Question for President Obama: in light of these findings, what is your administration doing to keep American college students from being further exploited by the very banks whose business models crippled the global economy and whose non-exploitative conduct your administration insists is critical to recovery? And more important, what is your administration doing to make college more affordable for all qualified American students? (Here's how civic media can empower college students and others to address and help solve the problem.)

This morning I see that BofA stock is rising in early trading"amid reports that it needs $34 billion in new capital." Who's got the barf bag? For students, the Tribune article has these tips:
Several student credit cards have interest rates of 14.99 percent for those with good credit, according to the Web site Federal Stafford loans have interest rates of 6.8 percent. Private-school loan rates average about 8 percent, according to

Monday, May 4, 2009

May 4: Could the Storm Be Winding Down? Is Obama's "Glimmer of Hope" More than Just a Glimmer?

Let's look at the upside for a change. Lot's people are saying the worst may be over. The chorus is growing. Even my trader buddy Big Bill is thinking that the market rally could extend past summer and through the December holiday season.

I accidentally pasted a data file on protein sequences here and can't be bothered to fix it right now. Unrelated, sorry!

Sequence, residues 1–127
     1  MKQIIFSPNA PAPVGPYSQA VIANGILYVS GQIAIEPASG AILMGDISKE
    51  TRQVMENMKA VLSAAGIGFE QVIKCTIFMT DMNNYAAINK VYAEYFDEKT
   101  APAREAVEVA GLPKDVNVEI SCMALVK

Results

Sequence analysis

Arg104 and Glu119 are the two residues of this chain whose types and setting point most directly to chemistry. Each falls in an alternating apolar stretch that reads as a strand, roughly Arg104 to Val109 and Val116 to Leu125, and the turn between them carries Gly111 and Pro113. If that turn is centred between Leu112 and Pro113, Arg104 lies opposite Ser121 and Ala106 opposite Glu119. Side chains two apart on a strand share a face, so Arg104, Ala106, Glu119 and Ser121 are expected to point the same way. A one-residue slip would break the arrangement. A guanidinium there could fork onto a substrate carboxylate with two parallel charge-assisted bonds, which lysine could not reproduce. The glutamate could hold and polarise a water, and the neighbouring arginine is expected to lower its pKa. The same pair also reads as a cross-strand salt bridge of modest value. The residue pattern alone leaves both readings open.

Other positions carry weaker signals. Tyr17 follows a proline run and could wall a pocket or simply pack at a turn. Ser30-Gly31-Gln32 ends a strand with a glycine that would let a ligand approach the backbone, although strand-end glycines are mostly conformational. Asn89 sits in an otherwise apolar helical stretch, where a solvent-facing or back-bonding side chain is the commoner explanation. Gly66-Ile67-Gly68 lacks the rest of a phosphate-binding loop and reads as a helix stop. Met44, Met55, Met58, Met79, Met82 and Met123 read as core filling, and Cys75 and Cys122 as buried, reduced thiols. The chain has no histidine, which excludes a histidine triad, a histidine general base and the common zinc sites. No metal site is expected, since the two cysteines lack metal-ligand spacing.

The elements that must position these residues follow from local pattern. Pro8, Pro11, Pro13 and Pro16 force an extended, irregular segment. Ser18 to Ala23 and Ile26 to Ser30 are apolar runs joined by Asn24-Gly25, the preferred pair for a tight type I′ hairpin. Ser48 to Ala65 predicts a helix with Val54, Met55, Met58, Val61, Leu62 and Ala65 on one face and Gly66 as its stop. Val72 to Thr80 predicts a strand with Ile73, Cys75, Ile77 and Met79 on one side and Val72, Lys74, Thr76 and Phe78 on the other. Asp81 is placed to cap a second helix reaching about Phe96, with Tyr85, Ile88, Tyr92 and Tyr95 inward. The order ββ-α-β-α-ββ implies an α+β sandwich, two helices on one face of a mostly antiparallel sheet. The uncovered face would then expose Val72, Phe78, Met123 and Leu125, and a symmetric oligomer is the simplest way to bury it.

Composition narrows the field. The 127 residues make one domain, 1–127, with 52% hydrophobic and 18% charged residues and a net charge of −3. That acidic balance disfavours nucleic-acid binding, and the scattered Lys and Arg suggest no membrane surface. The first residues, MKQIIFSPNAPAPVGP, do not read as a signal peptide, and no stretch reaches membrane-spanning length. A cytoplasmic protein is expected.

• Warren Buffet on the topic of government actions to save the economy says "Overall I commend the actions that were taken. To expect perfection from people working 20 hour days and getting hit by new and sometimes bad information - when you’re getting punched from all sides - you’re not gonna do everything perfectly. I think overall they did a very good job…" (5/2)
  • Albert Bozzo at CNBC says a small but growing number of economists is saying that the "US Economy Could Recover Much Sooner Than Expected" (5/4)
  • Even Nouriel Roubini seems to be moderating his gloomy views somewhat (4/27)
  • Global Markets are hitting seven month highs (Reuters 5/4)
  • This John Authers video shows that markets are rising globally due to faith in China's economic upturn (FT 5/4).
  • Ben Bernanke testifies that the U.S. "may be stabilizing" (FT 5/5)
  • Libor rates fall to historic lows (FT 5/5).
  • Martin Wolf endorses Obama's (and FDR'S) pragmatic conservatism and the stress tests - with reservations (FT 5/12)
This list is just underway. SEND LINKS! (Good ones are not easy to find.)